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Flight Attendants Claim They Aren’t Allowed to Restrain Woman Who Stripped and Tried to Storm Cockpit

Flight Attendants Claim They Aren’t Allowed to Restrain Woman Who Stripped and Tried to Storm Cockpit

A woman allegedly stripped to her underwear and tried to storm the flight deck of a recent Jet2 flight from Larnaca, Cyprus to Manchester as she shouted “Allahu Akbar” but it is claimed cabin crew didn’t step in and intervene because they weren’t authorised to restrain the unruly passenger.

Jet2 flight LS944 was forced to divert to Paris Charles de Gaulle Airport in the early hours of Tuesday morning where police officers took the woman into custody after she made threats against the aircraft.

35-year-old Phillip O’Brien who was onboard the plane told the Daily Mail that the woman tried to storm the flight deck on two separate occasions before she was eventually restrained – not by flight attendants but by panic-stricken passengers.

Things allegedly went wrong only shortly after takeoff into the scheduled four-and-a-half-hour flight from Cyprus to England. O’Brien says the woman marched down the aisle in only her underwear and started to bang on the flight deck door while shouting “Allahu Akbar”.

The disruption rattled other passengers but the woman wasn’t restrained and instead went on to suggest explosives were onboard the plane.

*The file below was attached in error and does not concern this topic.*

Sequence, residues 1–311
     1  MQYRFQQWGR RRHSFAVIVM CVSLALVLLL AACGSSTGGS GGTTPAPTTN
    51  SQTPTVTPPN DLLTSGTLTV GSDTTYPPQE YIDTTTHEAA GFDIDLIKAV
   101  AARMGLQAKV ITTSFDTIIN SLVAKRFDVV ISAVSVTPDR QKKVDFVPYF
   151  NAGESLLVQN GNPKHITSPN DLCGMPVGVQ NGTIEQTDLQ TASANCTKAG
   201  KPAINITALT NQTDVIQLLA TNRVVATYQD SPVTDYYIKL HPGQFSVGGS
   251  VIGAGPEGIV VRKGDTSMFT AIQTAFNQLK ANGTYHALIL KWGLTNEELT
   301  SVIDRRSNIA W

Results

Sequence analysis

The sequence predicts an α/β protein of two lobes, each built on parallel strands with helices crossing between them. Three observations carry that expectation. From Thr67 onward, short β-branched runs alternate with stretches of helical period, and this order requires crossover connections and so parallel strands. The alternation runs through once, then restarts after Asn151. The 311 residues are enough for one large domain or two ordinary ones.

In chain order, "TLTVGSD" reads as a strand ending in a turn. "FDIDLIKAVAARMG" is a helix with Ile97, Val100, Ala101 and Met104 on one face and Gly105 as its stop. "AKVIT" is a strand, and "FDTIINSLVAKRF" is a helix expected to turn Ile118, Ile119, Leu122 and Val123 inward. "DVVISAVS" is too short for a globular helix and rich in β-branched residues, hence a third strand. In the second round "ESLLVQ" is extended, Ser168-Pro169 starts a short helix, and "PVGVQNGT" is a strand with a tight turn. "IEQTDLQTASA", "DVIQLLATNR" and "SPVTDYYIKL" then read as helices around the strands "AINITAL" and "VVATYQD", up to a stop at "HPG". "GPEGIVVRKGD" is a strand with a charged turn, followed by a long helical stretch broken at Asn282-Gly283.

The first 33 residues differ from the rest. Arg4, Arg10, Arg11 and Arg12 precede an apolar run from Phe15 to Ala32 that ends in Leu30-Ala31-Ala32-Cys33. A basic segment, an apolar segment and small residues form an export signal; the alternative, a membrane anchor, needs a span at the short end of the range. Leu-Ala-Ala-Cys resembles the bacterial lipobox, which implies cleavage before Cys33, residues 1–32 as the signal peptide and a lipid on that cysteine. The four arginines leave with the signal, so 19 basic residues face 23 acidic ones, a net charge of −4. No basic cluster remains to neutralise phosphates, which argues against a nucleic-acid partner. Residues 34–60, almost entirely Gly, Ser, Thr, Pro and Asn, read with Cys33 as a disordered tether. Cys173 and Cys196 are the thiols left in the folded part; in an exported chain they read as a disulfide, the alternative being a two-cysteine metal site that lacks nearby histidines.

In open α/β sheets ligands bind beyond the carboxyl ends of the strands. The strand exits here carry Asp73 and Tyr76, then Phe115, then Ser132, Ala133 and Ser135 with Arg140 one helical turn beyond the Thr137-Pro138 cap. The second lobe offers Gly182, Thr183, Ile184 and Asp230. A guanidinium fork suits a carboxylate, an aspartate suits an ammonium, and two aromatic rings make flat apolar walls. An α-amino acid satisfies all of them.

“It was just crazy. At first it looked like she was drunk – she had the suitcase on her head,” another passenger told the Daily Mail. “The cabin crew said she wasn’t drunk as they had smelt her breath.”

The passenger said it didn’t feel like a terrorist incident despite the woman’s threats.

When she started banging on the flight deck door for a second time, O’Brien says he helped tackle her and take her to the ground while the plane was diverted to Paris.

On arrival, local law enforcement boarded the aircraft and took the woman into custody. In a short statement, a spokesperson for Jet2 confirmed the flight was forced to divert due to a “disruptive passenger”.

Any attempt by a passenger to breach the flight deck is generally considered a grave threat which would normally warrant an emergency diversion to the nearest airport capable of handling the aircraft in question.

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